Pakistani lawmakers have complained that Indian films have "flooded" the local markets and are "corrupting the minds of the younger generation" but the government has said that the country's film culture would die if it barred the screening of Bollywood productions.
The parliamentarians raised the issue in the National Assembly or lower house of parliament on Wednesday and told the Speaker that the government should take steps to address their concerns.
"Children are now incorporating Indian words and terminologies in normal conversation," complained lawmaker Tahira Aurangzeb of the main opposition PML-N party.
She asked culture minister Pir Aftab Hussain Shah Jilani if Pakistani films too were being screened in a big way in Indian markets.
The lawmakers also objected to illegally imported foreign films "overflowing" the Pakistani markets.
Jilani, who belongs to the ruling Pakistan People's Party, admitted that Pakistani films did not enjoy the same liking in Indian markets.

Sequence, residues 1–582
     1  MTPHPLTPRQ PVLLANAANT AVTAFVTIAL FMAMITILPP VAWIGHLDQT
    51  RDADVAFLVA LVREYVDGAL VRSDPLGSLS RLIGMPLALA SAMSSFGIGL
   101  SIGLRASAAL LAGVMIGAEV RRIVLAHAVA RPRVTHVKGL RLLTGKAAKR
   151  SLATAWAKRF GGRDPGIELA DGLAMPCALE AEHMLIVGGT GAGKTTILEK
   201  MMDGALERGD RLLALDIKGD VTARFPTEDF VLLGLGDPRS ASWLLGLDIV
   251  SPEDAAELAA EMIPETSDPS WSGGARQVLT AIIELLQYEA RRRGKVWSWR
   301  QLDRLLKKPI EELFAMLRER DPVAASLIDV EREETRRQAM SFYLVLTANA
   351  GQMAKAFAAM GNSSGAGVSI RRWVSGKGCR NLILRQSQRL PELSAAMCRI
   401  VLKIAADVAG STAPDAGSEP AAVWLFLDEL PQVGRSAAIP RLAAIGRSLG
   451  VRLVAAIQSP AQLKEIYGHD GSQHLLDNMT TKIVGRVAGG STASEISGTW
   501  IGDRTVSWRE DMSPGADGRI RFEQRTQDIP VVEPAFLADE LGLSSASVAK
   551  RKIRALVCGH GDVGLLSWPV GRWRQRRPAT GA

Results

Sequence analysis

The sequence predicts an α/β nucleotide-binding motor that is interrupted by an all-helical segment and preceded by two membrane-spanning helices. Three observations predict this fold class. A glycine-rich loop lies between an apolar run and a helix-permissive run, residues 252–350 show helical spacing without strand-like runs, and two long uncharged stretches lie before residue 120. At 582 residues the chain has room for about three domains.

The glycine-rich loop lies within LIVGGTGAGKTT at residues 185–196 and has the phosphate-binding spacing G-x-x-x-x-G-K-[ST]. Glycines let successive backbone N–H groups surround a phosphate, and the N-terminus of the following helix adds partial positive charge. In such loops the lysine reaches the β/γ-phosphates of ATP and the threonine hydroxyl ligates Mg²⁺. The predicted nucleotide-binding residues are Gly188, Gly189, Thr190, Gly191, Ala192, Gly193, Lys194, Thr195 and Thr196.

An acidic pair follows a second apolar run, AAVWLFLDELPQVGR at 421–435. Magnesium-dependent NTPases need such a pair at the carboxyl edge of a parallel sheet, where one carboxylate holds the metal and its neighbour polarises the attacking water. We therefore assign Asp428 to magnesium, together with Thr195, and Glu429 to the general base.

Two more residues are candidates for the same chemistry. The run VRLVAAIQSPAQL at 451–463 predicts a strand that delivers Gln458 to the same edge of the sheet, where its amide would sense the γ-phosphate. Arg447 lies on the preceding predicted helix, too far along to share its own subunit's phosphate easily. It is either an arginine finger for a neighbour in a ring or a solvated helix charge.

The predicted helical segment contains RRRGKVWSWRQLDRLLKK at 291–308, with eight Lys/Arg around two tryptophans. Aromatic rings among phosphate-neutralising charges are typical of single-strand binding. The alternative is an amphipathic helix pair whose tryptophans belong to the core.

"The gesture is not reciprocated," he said.
"But if foreign films and especially Indian movies are discontinued, the struggling cinema culture will completely die.
The idea is to keep the cinema houses going, that would otherwise have been turned into marriage halls and other business ventures," Jilani said.
The screening of foreign films and an increase in cinema halls will trigger competition and encourage local producers to make better movies, he argued.
"We realise that illegally imported films have flooded markets and are damaging Pakistan's local productions but that is the subject of the Ministry of Information," Jilani said.
Responding to a question, he said his ministry had no role to play in helping Pakistani artists in working with foreign filmmakers.